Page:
24th Sunday in Ordinary Time [A]
September 13, 2020
Last Sunday, the Gospel spoke about the fraternal correction. If a brother has offended us, we are obliged to offer charitable correction. This Sunday, the Gospel tells us what to do if a person who has received a correction, is repenting and asking for forgiveness. The answer is simple: we forgive him, and we embrace him back into the communion.
Simon Peter, the spokesperson of the disciples, is trying to impress his Master. He offers that he is willing to forgive up to seven times. Simon Peter wants to show Jesus that he is also capable of having a high standard. To his surprise, Jesus is not impressed, and in fact, teaches the disciples another great lesson about justice, mercy and forgiveness.
This time, Jesus pulls out His favorite method: telling a parable, and we will appreciate the parable if we are able to recognize the historical context and its surprise. A servant owes 10,000 talents to a king. In Jesus’ time, talent is a precious gold coin, and it equals to 6,000 denarii. One denarius itself is equivalent to a wage of one day labor. Thus, this servant owes 60,000,000 days of work to His Master [or around 160,000 years of work!]. Yes, despite the unthinkably fantastic amount of debt, the king easily forgives and erases the entire debt when the servant begs for mercy. This king’s attitude is even more insane!
Therefore, when the king receives the news that this forgiven servant refuses to forgive another fellow servant with infinitely smaller debt [100 denarii], his anger is justifiable, and expectedly, his mercy turns to justice.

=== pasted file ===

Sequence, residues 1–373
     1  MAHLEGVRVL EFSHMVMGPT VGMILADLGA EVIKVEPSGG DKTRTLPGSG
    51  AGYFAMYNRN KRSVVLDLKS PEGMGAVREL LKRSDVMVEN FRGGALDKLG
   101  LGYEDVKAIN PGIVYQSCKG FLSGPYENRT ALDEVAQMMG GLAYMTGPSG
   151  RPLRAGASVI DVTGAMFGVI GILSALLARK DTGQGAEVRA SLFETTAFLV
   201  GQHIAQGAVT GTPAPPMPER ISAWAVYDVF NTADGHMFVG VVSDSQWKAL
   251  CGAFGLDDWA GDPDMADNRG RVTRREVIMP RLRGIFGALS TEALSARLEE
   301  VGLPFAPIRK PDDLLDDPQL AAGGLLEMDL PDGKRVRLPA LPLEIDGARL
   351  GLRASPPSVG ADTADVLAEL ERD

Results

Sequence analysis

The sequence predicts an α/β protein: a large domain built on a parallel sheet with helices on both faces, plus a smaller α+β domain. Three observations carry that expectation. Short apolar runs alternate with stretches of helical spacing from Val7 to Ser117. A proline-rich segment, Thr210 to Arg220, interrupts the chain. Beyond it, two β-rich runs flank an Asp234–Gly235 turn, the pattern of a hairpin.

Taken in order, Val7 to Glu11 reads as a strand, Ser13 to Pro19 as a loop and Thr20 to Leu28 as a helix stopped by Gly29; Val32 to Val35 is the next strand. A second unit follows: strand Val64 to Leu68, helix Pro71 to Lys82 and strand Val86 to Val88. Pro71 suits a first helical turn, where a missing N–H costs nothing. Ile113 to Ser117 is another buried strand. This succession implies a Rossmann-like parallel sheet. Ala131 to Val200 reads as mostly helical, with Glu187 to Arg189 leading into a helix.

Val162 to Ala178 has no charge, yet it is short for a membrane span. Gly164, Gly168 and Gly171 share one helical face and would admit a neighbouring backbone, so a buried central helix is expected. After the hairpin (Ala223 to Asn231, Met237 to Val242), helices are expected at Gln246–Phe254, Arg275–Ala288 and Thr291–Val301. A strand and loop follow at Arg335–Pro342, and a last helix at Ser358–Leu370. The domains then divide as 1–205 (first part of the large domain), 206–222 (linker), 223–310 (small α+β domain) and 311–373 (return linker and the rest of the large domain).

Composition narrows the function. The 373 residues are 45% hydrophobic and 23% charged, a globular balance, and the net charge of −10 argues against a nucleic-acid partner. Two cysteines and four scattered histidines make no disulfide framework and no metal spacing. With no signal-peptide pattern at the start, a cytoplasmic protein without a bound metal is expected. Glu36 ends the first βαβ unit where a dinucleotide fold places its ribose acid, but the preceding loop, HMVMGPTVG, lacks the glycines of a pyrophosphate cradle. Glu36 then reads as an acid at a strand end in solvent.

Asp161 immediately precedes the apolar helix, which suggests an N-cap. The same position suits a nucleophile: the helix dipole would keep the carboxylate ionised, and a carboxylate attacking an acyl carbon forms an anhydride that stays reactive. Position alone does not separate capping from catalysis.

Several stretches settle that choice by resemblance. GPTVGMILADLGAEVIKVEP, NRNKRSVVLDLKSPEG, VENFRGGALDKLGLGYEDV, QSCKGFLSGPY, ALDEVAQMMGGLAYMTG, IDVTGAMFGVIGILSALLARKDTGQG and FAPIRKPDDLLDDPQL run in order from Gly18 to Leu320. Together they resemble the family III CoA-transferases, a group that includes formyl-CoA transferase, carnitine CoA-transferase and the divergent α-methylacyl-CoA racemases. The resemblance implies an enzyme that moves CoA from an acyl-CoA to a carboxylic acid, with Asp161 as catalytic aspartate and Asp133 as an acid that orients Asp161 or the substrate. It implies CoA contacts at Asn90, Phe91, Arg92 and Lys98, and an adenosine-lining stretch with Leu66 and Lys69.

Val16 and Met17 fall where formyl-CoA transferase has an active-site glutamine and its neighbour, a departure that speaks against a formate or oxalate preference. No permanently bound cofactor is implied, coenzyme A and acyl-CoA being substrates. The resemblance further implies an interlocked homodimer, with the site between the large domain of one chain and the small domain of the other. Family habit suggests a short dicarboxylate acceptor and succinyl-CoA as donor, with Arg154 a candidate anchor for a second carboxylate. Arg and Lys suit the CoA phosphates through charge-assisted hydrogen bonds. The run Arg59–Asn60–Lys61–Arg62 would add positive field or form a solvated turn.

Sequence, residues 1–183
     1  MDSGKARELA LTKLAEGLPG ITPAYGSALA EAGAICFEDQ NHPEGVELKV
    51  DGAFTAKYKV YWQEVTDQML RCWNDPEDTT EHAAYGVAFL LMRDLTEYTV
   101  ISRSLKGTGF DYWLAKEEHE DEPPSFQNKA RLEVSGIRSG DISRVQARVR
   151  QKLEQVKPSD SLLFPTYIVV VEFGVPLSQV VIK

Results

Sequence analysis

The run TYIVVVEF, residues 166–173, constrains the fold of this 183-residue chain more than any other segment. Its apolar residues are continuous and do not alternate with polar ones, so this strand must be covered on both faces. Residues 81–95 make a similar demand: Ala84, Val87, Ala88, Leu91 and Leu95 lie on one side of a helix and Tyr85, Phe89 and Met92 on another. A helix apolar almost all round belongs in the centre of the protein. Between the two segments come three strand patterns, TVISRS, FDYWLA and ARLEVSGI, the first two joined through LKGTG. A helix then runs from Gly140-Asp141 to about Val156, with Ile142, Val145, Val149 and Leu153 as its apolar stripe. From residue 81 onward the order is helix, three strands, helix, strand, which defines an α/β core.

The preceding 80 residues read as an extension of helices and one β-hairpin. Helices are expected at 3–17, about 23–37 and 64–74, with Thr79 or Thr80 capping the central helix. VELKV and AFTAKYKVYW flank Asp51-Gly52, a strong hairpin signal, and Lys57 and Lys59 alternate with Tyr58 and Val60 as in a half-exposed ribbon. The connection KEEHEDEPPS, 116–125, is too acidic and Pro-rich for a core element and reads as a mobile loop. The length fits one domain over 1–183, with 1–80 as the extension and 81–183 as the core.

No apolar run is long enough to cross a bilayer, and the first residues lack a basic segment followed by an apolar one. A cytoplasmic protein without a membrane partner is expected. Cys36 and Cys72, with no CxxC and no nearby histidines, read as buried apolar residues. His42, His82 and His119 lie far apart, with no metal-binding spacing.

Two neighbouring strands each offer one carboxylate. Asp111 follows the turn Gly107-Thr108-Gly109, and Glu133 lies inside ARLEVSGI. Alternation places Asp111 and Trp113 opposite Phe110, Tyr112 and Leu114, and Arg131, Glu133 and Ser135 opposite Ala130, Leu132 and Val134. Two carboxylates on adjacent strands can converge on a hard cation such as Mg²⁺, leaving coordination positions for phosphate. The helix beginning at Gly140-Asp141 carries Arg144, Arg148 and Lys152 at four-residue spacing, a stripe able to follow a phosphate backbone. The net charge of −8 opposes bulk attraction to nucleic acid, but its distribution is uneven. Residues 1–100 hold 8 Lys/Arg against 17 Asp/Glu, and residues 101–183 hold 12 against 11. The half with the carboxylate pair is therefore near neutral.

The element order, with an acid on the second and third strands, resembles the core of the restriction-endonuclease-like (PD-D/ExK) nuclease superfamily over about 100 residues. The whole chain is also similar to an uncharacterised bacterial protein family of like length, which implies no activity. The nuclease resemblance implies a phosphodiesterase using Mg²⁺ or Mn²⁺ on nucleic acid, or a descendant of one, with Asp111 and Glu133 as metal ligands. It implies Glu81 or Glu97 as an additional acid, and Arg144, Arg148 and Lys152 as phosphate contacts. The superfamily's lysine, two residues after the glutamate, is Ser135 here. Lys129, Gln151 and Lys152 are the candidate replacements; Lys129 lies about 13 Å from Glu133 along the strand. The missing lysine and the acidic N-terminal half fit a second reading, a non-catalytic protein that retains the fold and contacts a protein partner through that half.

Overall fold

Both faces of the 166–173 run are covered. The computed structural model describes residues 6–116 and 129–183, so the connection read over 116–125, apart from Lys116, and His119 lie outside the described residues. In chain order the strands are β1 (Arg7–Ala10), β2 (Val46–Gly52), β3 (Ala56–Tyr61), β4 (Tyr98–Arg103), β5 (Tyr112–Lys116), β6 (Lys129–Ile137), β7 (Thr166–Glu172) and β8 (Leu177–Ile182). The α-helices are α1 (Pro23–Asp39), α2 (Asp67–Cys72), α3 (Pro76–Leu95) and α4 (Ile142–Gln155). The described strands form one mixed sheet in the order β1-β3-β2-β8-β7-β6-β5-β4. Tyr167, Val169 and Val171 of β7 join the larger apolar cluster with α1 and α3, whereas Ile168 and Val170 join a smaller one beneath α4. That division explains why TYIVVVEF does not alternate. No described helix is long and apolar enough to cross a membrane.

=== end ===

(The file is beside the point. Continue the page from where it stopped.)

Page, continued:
Reflecting this parable, we understand that before the Lord God, we are no different from this servant. We deserve nothing from the Lord except one thing: hell! Sin has destroyed our relationship with God, and we created an infinitely bottomless pit. Finite as we are, nothing we can do to close the infinite gap. Only the infinitely powerful God possesses the ability to build the impossible bridge. Fortunately, Jesus has assured us that His Father is also the Mercy Himself. Though we deserve nothing but hell, God has opened the gate of Paradise to us.
Since nobody can earn God’s mercy, His mercy is always free, but it does not mean it is cheap. God wants us to do something also to receive His mercy. He expects us to be merciful. If He forgives us, then we need to forgive those who have hurt us. Jesus Himself reminds us that we should be merciful as our Father in heaven is merciful [Luk 6:36]. Being merciful is not an option. In fact, it is the justice that will be applied to us in the final judgment.
We know that to forgive is tough, but again we may learn from Jesus how to forgive. At the cross, He said, “Father, forgive them; for they do not know what they are doing [Luk 23:34].” The first step is to pray for those people who have offended us. By praying often, we train our heart to let go of our anger and bitterness, and even to learn to love the way God loves even those people who wish Him not to exist at all.
Valentinus Bayuhadi Ruseno
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